Volcanic Field Features

color photograph with lava flow close up foreground and tip of Capulin Volcano in far background
Lava Flow.

NPS photo

The processes that created Capulin Volcano also created extraordinary forms around its base. The lava flows formed a resistant cap on the easily weathered sedimentary rocks, which protected this underlying rock from erosion while all the surrounding rock washed away. The result is the high, flat-topped mesas, such as Raton Mesa, Mesa de Maya, and Johnson Mesa.
color photograph of rippled landscape
Pressure Ridges.

NPS photo

At Capulin Volcano moving lava developed a crust on the surface as it cooled and in places this surface was “wrinkled” by the flowing lava beneath producing pressure ridges.
Lava cascades and levees formed as the lava flowed, while caves and lava tubes formed beneath the crust as the lava drained away. These lava tubes and caves are quite fragile, and so no intact lava tubes or caves may be found in the park today.
color photograph of large ball of solid lava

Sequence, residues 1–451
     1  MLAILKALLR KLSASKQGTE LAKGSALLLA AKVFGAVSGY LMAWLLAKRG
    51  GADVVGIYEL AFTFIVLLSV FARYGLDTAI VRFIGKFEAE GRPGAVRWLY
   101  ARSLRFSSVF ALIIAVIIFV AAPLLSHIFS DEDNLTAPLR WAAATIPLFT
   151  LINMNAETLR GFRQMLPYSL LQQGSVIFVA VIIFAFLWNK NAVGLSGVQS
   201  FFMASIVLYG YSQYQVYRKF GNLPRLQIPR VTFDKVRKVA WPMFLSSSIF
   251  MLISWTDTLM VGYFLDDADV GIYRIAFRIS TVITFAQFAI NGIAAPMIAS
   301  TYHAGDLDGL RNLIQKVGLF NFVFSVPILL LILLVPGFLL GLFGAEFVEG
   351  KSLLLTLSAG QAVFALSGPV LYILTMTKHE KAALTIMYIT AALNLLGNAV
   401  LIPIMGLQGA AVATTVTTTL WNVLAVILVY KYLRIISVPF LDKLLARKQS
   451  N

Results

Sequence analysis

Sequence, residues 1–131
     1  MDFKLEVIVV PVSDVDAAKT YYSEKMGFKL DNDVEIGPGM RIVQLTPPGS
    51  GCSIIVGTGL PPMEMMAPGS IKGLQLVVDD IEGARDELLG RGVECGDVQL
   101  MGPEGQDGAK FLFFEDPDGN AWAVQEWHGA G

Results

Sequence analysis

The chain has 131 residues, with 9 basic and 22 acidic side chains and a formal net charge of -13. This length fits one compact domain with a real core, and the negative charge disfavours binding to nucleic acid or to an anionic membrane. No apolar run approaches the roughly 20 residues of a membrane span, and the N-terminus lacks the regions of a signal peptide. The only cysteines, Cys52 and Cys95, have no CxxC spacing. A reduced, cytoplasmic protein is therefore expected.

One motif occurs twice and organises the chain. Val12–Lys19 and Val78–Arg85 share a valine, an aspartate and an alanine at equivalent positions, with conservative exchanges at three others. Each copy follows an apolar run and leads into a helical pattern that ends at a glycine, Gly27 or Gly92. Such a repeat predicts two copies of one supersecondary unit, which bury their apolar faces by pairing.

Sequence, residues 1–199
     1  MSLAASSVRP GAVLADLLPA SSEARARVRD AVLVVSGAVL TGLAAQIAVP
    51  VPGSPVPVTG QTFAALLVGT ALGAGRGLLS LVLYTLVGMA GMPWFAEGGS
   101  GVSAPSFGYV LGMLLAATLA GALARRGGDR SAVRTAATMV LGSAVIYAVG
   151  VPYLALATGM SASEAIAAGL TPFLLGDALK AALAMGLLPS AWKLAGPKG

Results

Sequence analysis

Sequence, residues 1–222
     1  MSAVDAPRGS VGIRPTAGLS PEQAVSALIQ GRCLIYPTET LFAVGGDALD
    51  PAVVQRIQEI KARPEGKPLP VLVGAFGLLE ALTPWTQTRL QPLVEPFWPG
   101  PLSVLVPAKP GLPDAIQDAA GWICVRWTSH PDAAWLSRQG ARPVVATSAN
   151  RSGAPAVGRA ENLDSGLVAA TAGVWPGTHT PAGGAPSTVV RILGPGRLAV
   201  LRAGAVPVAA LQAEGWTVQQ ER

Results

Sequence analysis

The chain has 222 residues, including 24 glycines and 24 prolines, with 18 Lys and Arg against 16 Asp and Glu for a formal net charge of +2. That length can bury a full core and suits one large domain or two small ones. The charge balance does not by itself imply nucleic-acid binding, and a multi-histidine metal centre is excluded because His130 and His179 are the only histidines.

NPS photo

Partially cooled lava, pushing through cracks like toothpaste from a tube, solidified into semi-rounded squeeze-ups called tumuli.
Two types of lava flows formed depending on the temperature and viscosity of the lava: fluid lava flows called pahoehoe forms smooth or ropy surfaces, while ‘A ‘a lava has a rough, jagged surface.
color photograph of teardrop shaped brown rock
Spindle Bomb.

NPS photo

Various volcanic bombs were also formed as blobs of partly molten lava were thrown high up into the air and cooled as they fell back to the earth: breadcrust, “cow dung,” spindle, and ribbon bombs are the most common volcanic bombs at the monument.

Last updated: February 24, 2015

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